Sir Christopher Steel then raised the question of Albania, asking for US views on this subject. Mr. Matthews stated that we had hoped to leave this problem outside the context of the present talks, to which Sir Christopher Steel agreed. Mr. Perkins noted that we did wish to pursue this matter in another context, and that US and UK should soon arrive at some common policy but that we did not desire to delay the present matter pending such agreement. To this Sir Christopher Steel agreed, noting that in addition to the strategic aspect there were other important aspects of this problem, such as clandestine activities.

Mr. Matthews then asked General Collins to discuss the US position on token forces.

. . . General Collins wished to bring this concept into its proper context, and emphasized that in brief the US position is that we should not decide now what to do as regards committing troops. Mr. Matthews noted that, in his understanding, the previous British view was that they then wished to agree not to commit any troops. To this Sir Christopher Steel commented that the British had, in fact, raised the possibility that logistic and other problems involved in sending token Western forces to this area would be considerable, and that such token forces might in fact have no material effect upon the course of hostilities. He noted that the US position is that we would like to leave the question open.

. . . . . . .

Admiral Pennant then noted that the previous British position was predicated upon their desire not to commit themselves to send troops in. General Collins clarified that the US likewise did not wish to commit itself to do so. Admiral Pennant and Sir Christopher Steel agreed that the British do not at this time desire to commit themselves not to do so. Sir Christopher Steel was willing to put this position up to HMG.

Sir Christopher Steel then referred to previous discussion regarding whether we were speaking of strategic planning for a localized or general war. The present thinking of the British Chiefs of Staff is that there is no reality in such a discussion. There was general agreement with this view, General Collins noting that the Yugoslavs themselves believe very strongly that a localized war is impossible and Sir Christopher Steel adding the British belief that the Russians also think so. Mr. Matthews raised the question of [Page 1282]probable Yugoslav reaction if the Russians attacked in Germany. . . .

Mr. Matthews then asked General Collins if he wished to raise the question of troops in Trieste at this time. General Collins replied that since that matter was being taken up in another context he did not wish to do so.4

Sir Christopher Steel at that point inquired how matters stood in the London talks on Trieste: were they over? Mr. Perkins replied that they were not, that the latest information we had was that a compromise proposal had been made and submitted to General Winterton, who had wired back certain objections. A reply and response had followed, and General Winterton had now made certain suggestions concerning a possible compromise. These looked all right to the Department of State, but Defense had not yet had a chance to study them. Mr. Perkins doubted that any further progress would be made before next week.5 Sir Christopher Steel noted that in the meantime the question of talks in Washington had apparently been dropped,6 but added that the British—and he assumed the US—still basically desired to get their troops out of Trieste. To this General Collins replied that, in his view, whether or not the United States wished to get its troops out of Trieste depended entirely upon the outcome of the strategic talks. In his purely personal view, we were getting and would get double return out of all funds we invest in Yugoslav defense compared with those we invest in Italy. Speaking solely as an individual, General Collins could see many advantages from the purely military point of view in both the US and UK remaining in Trieste. To this Sir Christopher Steel remarked that the British difficulty was that they had no reserves, and he continued to give several examples of the difficulties this factor was causing the British. General Collins remarked that, on the other hand, visualizing the situation that would result were Italy to be overrun, one could see its terrific importance. Sir Christopher Steel noted that Italy had been overrun during the last war, to which General Collins remarked that the West had not liked the resulting situation. In his personal opinion the overrunning of Italy was far more important than the overrunning of Greece. Sir Christopher Steel retorted that the UK felt very strongly about Greece, from sentimental, traditional and other ties.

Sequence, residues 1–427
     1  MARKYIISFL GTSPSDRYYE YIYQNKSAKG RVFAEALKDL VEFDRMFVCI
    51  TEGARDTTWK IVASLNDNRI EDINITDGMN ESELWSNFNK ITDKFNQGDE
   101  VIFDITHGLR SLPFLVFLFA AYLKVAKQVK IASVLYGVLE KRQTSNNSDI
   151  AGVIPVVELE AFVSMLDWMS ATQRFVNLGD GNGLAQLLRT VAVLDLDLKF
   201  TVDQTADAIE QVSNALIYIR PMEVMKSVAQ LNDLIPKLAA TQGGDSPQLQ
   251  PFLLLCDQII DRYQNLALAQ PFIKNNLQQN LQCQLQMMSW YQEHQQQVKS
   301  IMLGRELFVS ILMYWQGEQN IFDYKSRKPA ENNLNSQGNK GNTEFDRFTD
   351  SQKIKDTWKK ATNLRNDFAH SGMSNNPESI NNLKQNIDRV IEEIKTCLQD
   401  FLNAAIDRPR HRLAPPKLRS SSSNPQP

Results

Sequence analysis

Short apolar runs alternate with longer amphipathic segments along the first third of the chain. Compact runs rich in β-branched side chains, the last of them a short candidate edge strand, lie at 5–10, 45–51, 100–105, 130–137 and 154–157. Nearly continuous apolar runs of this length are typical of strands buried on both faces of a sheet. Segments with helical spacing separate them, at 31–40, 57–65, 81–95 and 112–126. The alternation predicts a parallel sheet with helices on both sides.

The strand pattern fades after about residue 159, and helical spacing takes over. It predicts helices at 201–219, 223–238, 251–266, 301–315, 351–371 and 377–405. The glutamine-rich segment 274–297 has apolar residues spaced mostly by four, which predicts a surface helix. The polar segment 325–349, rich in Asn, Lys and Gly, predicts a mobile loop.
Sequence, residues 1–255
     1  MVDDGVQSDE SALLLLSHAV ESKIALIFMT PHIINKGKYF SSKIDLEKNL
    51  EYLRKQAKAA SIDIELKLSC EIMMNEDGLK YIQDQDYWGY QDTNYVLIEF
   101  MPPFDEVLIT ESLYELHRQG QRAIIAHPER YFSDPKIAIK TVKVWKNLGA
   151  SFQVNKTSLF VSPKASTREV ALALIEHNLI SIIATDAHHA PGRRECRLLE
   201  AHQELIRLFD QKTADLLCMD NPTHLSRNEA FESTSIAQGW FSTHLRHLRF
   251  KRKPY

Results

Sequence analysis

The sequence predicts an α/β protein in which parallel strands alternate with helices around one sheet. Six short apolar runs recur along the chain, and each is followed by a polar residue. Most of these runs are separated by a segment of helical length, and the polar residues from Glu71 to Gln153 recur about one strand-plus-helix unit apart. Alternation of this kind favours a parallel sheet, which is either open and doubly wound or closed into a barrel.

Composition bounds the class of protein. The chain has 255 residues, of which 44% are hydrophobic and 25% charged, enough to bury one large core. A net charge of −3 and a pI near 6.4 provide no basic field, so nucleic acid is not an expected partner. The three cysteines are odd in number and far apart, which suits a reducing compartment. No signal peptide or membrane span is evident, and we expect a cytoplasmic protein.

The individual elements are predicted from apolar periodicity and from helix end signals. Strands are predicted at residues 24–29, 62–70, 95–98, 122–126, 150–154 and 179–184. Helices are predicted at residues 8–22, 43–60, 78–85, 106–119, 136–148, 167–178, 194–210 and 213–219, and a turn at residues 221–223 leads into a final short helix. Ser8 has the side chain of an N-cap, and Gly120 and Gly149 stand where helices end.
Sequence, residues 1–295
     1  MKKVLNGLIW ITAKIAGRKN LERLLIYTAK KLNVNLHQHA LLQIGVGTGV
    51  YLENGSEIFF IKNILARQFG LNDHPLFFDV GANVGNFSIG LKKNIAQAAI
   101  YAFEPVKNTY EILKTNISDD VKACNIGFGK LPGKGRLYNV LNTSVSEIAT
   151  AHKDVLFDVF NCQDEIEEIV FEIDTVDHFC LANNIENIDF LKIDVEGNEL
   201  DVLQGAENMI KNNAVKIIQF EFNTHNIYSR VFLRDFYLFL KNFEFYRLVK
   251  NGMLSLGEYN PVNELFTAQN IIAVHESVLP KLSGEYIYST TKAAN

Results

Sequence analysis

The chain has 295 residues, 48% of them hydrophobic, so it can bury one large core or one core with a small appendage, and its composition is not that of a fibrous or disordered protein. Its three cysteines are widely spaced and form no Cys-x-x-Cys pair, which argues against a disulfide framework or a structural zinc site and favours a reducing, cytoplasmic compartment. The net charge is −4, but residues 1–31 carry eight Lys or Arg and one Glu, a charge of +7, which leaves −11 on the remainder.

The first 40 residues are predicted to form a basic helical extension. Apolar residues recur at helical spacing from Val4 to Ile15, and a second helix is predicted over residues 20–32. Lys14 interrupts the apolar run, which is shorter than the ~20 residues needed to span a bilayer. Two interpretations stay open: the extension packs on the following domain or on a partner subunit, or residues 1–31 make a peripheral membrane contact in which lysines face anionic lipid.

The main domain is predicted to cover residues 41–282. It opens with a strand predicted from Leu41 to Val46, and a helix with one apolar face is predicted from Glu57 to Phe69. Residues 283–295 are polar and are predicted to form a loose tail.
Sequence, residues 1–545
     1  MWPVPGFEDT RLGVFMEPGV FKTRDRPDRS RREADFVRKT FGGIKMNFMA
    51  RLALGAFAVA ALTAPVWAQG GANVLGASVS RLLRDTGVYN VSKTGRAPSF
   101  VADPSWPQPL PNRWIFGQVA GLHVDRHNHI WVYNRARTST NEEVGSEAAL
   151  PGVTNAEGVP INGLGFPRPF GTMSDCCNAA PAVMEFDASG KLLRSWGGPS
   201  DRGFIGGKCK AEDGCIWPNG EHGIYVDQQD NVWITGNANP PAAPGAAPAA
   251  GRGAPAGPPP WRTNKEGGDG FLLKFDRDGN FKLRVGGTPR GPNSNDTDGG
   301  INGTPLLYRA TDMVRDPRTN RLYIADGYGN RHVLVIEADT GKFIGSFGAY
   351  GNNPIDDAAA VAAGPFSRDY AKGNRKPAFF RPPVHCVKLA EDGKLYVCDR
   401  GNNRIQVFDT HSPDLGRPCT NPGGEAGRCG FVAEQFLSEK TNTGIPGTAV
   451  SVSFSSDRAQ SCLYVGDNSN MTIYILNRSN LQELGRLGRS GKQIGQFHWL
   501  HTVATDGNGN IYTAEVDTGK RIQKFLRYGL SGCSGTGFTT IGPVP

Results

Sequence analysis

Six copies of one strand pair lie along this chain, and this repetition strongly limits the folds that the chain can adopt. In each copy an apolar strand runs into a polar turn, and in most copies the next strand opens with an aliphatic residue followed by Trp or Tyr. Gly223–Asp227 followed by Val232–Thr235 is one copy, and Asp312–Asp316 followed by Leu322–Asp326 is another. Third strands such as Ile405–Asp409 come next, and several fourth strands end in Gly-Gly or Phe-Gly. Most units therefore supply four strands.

[Page 1283]

Sir Christopher concluded that he had no more issues to raise at the present meeting, that he would transmit the several points raised during the session to London and that if, as he believed would be the case, they were agreeable to London, he would send the Department a note to that effect. He believed he could accomplish this within a week. The next move would then be up to the US to make the formal approach to the UK and France.

  1. Drafted by Marcy and Camp. The meeting was held at the Department of State from 3 to 3:45 p.m.
  2. For documentation regarding the visit of Prime Minister Churchill to the United States, Jan. 5–18, 1952, see vol. VI, Part 1, pp. 693 ff.
  3. This approach has not been further identified.
  4. Presumably reference is to discussions between the Department of State and the Joint Chiefs of Staff on Mar. 26. (State–JCS Meetings, lot 61 D 417, March 1952)
  5. Reference is to negotiations in London, Apr. 3–May 9 between representatives of Italy, the United Kingdom, and the United States regarding the administration of Zone A of the Free Territory of Trieste; see Documents 92 ff.
  6. The talks regarding Trieste which were to take place early in April in Washington between France, the United Kingdom, and the United States were postponed.